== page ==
As expected at this stage of the Parliament, while there was not a lot of room for manoeuvre, there were some sweeteners across the board.  There was little for small businesses as alot of the headline issues were aimed at individuals.  More will be released in the Finance Bill in due course.

 For Business

  • The large company corporation tax rate reduces to be in line with the small company tax rate of 20% from April as previously announced, this potentially saves small companies associated with larger ones paying a higher tax under the marginal rate system.
  • The annual investment allowance currently stands at £500k pa until 31 December 2015 when it will revert to £25k, the Chancellor implied that this would be a step to far and it would be maintained at a higher rate if they were re-elected
  • VAT threshold increases from £81k to £82k
  • Contractors will no longer need to file returns under the Construction Industry Scheme where no subcontractors were paid in the month
  • Class 2 NI will be collected as part of the self assessment process from 2015-16 replacing the somewhat dated system of a monthly DD of ~£10-£15pm
  • Loopholes in entrepreneurs relief are being closed and umbrella companies will continue to be targeted, while allowing those who are truly self employed to continue to trade
  • Following pressure from farmers the averaging period for farm profits increases from 2 to 5 years which should ease cashflow in the poor years, remembering the flooding issues a couple of years ago

 Annual tax return to be abolished

Initially this seems like great news but in reality only affects those with very simple tax affairs and no other income.  Some of the date will be automatically downloaded from other bodies, so P60 and P11D information, and presumably child benefit.  This will not take account of dividends, pension contributions and gift aid all of which can have a major effect on the tax bill, so there will have to be active steps to update the tax record online.  I do not think this will be a major change for small business owners


  • The personal tax allowance is increasing to £10,600 from April 2015, then to £10,800 and £11,000 in 2016/17 and 2017/18 respectively
  • The 40% tax band will be increasing by more than inflation reaching £43,300 by 2017/18 (2015/16: £42,385)
  • The first £1,000 of savings interest will now be tax free
  • A new fully flexible ISA is being introduced allowing withdrawal and reinvestment without losing the tax exemption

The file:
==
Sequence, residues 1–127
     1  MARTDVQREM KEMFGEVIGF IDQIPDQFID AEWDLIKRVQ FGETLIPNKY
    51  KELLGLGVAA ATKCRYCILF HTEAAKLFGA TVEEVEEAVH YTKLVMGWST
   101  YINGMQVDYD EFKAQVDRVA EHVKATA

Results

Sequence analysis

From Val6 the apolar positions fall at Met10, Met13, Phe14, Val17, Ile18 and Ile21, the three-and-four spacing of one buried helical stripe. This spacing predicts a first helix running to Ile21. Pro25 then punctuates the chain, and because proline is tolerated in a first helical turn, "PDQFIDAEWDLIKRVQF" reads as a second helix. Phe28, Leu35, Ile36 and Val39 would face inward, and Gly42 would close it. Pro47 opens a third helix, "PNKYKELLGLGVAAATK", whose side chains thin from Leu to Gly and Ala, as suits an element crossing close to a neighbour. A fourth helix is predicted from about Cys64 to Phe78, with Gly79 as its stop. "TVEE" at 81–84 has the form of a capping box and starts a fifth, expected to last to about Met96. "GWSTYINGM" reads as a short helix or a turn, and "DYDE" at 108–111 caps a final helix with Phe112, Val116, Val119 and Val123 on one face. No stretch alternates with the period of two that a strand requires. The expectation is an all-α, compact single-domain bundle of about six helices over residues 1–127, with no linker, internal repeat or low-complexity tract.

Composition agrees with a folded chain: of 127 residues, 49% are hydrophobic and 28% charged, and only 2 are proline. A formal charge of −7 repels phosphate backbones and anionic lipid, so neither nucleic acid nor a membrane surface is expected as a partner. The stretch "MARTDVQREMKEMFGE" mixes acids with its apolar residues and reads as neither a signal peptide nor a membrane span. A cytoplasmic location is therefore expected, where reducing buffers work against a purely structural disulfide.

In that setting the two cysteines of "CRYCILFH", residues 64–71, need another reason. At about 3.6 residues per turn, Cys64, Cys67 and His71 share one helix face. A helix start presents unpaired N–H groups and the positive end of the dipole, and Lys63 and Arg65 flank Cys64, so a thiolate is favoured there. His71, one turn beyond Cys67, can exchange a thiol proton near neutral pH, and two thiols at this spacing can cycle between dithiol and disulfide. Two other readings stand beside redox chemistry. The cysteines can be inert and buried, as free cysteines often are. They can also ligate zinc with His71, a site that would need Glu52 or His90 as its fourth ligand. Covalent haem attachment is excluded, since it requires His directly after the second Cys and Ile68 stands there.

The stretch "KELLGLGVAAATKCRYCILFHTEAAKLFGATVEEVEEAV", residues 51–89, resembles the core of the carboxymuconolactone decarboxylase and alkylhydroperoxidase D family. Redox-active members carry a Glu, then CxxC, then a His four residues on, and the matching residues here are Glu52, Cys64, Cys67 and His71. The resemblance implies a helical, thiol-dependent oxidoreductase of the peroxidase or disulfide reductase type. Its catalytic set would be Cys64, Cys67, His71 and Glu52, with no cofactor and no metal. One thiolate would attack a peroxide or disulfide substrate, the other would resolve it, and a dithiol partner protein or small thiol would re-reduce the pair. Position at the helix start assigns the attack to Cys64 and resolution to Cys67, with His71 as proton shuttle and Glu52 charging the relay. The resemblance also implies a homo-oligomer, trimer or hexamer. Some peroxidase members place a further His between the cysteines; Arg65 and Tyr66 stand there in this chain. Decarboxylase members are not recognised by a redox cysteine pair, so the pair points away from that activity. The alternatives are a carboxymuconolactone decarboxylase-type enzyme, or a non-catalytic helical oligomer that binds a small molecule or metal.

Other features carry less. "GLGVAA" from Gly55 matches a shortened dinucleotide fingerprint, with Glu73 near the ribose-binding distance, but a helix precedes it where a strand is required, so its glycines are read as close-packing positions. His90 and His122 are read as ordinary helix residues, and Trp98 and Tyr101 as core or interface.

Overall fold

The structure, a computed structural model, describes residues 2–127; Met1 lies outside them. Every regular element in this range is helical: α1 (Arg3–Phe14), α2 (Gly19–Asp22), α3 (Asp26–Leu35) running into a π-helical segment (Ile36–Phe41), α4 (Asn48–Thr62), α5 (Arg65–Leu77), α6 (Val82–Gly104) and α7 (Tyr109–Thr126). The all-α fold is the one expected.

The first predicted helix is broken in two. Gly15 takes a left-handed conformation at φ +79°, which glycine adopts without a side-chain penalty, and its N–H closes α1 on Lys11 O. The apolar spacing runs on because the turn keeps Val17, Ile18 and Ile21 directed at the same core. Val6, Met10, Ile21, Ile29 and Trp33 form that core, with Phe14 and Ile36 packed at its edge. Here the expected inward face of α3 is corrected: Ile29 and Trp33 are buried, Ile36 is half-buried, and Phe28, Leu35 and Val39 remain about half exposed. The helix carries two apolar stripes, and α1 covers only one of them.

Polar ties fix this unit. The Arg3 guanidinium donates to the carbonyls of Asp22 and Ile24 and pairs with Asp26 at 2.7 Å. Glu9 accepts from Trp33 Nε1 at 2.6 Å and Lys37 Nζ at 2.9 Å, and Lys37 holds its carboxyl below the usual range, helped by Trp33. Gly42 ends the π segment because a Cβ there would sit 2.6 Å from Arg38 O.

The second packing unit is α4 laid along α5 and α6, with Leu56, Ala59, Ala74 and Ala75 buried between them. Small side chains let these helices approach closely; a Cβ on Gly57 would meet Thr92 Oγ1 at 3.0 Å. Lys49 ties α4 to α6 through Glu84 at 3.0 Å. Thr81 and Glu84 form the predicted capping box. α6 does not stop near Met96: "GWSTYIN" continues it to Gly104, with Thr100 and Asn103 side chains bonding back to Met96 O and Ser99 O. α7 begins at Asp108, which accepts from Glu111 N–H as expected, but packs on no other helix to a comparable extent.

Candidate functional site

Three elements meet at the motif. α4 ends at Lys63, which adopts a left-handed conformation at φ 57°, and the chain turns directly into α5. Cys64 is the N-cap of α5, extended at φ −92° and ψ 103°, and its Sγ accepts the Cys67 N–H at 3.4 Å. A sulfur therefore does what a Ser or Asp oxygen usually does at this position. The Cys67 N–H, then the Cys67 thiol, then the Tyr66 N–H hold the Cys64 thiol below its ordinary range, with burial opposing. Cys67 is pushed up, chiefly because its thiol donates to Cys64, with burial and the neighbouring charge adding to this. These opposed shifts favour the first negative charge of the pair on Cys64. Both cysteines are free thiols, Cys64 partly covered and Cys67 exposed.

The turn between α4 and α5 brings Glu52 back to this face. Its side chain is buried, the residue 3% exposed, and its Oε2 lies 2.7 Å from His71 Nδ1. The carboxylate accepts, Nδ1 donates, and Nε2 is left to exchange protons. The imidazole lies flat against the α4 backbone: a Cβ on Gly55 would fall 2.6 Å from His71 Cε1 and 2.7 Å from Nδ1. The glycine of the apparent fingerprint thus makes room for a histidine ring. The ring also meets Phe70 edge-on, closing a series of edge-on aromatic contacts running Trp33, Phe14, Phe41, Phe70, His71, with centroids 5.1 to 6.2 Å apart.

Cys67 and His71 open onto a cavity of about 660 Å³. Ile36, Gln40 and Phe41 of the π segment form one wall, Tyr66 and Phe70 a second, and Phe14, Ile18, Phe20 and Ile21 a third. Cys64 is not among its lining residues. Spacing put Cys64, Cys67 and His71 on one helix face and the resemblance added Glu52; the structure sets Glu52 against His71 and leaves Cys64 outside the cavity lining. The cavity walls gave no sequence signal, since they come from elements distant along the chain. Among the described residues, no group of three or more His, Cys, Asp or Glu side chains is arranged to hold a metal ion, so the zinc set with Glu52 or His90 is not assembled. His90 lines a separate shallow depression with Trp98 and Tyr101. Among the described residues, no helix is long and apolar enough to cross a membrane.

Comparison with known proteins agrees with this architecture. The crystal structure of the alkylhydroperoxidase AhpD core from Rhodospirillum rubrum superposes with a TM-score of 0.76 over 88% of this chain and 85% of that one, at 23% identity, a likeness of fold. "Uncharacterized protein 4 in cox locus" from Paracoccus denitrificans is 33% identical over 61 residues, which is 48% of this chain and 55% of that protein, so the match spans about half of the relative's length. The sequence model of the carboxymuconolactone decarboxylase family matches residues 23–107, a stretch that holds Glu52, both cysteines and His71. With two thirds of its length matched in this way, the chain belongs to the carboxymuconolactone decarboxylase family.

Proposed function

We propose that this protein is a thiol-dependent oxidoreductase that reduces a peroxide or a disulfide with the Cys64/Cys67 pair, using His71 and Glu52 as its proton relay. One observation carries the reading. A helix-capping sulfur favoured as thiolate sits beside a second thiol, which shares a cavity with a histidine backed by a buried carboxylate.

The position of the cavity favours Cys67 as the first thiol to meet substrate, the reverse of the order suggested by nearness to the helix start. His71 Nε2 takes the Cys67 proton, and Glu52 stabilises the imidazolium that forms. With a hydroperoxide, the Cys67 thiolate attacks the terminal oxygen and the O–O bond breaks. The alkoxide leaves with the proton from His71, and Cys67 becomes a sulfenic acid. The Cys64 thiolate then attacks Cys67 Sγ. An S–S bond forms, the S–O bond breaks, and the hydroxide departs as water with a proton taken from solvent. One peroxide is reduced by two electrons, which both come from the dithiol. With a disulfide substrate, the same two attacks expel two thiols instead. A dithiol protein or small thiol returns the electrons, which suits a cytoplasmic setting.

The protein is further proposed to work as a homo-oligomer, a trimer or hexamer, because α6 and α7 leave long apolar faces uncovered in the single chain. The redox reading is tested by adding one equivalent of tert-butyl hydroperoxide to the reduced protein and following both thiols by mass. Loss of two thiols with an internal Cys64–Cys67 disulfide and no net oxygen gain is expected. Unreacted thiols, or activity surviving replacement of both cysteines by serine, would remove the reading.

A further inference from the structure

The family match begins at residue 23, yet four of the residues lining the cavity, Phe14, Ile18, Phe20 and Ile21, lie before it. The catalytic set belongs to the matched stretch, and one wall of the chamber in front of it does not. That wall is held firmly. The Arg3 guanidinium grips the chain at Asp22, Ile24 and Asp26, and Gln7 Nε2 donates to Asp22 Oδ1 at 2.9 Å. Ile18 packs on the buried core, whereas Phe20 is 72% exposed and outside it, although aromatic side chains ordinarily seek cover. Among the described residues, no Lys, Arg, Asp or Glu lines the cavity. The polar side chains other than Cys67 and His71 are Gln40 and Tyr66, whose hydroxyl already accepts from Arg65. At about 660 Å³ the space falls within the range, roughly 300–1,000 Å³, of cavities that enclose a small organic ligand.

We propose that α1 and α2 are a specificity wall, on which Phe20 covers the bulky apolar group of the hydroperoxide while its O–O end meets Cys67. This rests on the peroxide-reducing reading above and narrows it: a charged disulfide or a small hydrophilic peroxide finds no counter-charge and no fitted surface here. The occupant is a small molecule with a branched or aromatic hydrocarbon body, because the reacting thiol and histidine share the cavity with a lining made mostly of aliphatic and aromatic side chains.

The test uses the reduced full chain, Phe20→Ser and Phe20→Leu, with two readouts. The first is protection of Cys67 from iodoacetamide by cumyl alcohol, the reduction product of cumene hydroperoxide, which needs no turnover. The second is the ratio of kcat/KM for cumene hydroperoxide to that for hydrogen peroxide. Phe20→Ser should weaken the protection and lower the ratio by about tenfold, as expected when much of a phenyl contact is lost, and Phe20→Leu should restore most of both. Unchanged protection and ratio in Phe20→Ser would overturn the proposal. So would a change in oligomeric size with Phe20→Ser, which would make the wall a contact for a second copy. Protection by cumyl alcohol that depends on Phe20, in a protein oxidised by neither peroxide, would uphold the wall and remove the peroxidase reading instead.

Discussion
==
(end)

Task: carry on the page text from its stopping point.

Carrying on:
• Pension lifetime allowances are to be reduced from £1.25m to £1m but there will be no reduction in the annual pension allowance

 Other news and measures

  • After the assistance to buy a new air ambulance for Kent announced in the Autumn statement, further areas will now receive assistance.  Blood bike services will now benefit from the same VAT exemptions as other similar charities which has been welcomed by Kent based Service by Emergency Response Volunteers (SERV)
  • Due to the fall in global oil prices a number of measures are being introduced to encourage continued activity in North Sea oil extraction, saving jobs mainly in Scotland
  • Various measures including an increase in the bank levy, the google “diverted profits” tax, removal of tax relief on PPI claims and targeting aggressive tax avoidance schemes will all contribute to reductions in the deficit
  • No increases in tobacco, wine or gaming duty, beer duty to be cut by a further 1p, cider and scotch whisky by 2%.  The proposed fuel duty increase for September 2015 has been abolished
  • To encourage more fuel efficient cars the benefits in kind increases have been scaled back, but there will be larger increases for conventional fuel cars.  Also £100m investment being made in driverless car technology

This is a summary of the proposals as they currently stands but may may change once the Finance Bill is introduced so you should seek professional advice before taking any steps based on the contents.  If you would like advice in this or other areas feel free to call.  Alastair Wood, AW Accounting, Gravesend, Kent – Accountants who “speak your language”